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Basketball: Central girls have put difficult past behind them
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Forsyth Central's girls basketball team is 9-10 as of Jan. 18, 2018, a dramatic turnaround from last season when the Bulldogs went 1-14. - photo by Staff illustration

After the Forsyth Central girls basketball team lost to Peachtree Ridge 50-38 on Dec. 22, head coach Angela Hurt saw a team that was, in her words, "defeated," "disappointed," and "upset." 

So Hurt and her coaching staff offered the Bulldogs a reminder: Don't forget the context.

"We really just had to kind of say, 'Hey, think about what you've done already,'" Hurt said.

At that point in the season, the Bulldogs had a winning record and had already easily bested their performance in 2016-17, when the team went 1-24. Central still has a ways to go to compete with the best teams in the county, currently sitting at 9-10 and 1-3 in Region 5-7A, but the Bulldogs' huge improvement this season is undeniable.

Hurt, now in her fifth season with the Bulldogs, wasn't unfamiliar with having a team struggle mightily, which had happened during her years starting up the program at Alpharetta. Hurt had decent success with the Bulldogs in her first three years at Central, but heading into 2016-17, she had a particularly young team that had lost Caroline Hearn, who was expected to be a strong senior presence at point guard, and was playing its first season in the state's largest class. 

Turnovers were an issue for Central, as wing Sophie Kurtz and forward Morgan Day often had to step into the unnatural position of being one of the team's main ballhandlers. The Bulldogs' only win was a 31-30 victory over Milton on Jan. 13. 

Hurt dealt with the lack of wins by changing the parameters for success. She emphasized tasks like limiting turnovers, making free throws, and getting more players scoring. As bad as the team's record got, she didn't feel like they were ever close to giving up. 

"I thought about it, but knew it wasn't the right thing to do and I knew it wasn't me," Kurtz said. "I'm not the type of person to just give it all away and give it up because it got too hard. I wanted to push through it."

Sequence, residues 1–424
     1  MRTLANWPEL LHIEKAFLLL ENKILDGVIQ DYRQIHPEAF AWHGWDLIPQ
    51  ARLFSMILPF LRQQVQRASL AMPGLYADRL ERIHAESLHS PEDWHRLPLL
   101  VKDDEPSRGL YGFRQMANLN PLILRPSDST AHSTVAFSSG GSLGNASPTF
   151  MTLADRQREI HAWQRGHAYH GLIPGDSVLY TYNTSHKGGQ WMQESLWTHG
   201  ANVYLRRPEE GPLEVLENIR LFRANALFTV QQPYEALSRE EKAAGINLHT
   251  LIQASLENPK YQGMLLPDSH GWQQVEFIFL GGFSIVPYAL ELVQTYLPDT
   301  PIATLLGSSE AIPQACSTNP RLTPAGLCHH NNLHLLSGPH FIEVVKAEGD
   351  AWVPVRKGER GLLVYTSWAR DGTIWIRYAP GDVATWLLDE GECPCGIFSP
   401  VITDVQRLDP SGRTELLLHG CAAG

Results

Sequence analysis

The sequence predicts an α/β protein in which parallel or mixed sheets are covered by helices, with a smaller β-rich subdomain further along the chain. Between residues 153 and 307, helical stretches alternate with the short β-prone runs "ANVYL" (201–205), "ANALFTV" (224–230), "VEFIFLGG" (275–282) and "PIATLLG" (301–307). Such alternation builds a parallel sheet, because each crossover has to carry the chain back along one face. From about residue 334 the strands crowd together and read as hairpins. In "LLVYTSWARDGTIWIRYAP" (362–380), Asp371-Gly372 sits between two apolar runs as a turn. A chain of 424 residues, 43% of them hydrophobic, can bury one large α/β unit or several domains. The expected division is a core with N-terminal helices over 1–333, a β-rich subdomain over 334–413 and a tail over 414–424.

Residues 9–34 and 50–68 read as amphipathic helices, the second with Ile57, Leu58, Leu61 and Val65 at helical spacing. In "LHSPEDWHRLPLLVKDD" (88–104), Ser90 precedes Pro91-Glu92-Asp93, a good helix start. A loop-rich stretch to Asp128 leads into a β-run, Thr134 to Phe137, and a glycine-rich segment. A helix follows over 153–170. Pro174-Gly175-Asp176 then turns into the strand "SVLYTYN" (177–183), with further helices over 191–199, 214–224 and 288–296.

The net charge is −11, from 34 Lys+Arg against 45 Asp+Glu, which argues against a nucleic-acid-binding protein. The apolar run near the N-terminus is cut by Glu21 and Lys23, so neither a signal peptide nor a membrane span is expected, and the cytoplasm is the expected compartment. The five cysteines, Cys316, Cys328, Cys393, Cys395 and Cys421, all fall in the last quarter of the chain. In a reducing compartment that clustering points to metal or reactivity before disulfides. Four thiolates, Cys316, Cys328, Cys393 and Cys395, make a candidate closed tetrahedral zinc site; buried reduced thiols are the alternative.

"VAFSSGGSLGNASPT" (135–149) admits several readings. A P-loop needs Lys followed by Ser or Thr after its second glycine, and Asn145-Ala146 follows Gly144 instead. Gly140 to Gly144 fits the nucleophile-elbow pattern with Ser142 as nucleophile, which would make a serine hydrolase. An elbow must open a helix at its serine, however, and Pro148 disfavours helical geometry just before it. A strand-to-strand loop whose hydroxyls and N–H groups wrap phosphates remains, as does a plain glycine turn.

Most of that team would be coming back, and help would be coming for the Bulldogs in the next set of newcomers. Carson Cloud, who went to North Forsyth Middle School but has had two siblings go to Central, has become the Bulldogs' true point guard, letting players like Kurtz and Day move back to their natural positions. Elizabeth Pruitt has been a capable post as a freshman, and Ansley Carver, who went to North as a freshman, has shown strong scoring ability, draining eight three-pointers in the Bulldogs' 65-25 win against Milton on Jan. 12.

Sophomore forward Morgan Day has been Central's leading scorer, averaging 8.6 points per game, and she has had multiple double-digit games, including a 20-point effort against Roswell. Day was one player Hurt pushed particularly hard last year, given the potential she saw in the then-freshman. 

"She probably thinks that I even hated her last year because I was on her so much," Hurt said. "Where this year, it's not like that at all."

The Bulldogs have been a balanced scoring team, though, with three players averaging scoring totals between Day's 8.6 points per game and Tesa Ajorbjor's 5.9. They appear to be in a decent position to make the state playoffs: Central beat Milton convincingly, and while the Bulldogs lost to West Forsyth on a last-second shot on Jan. 9, Hurt said that loss was "not who we are."

This year has been more successful and more fun for the Bulldogs, and the future outlook is positive as well, with just two seniors and one junior on the roster. It's making the older players, like Kurtz, wish it wouldn't be over so soon. 

"I really am going to miss this team after this year," Kurtz said. "I wish I could continue with it forever."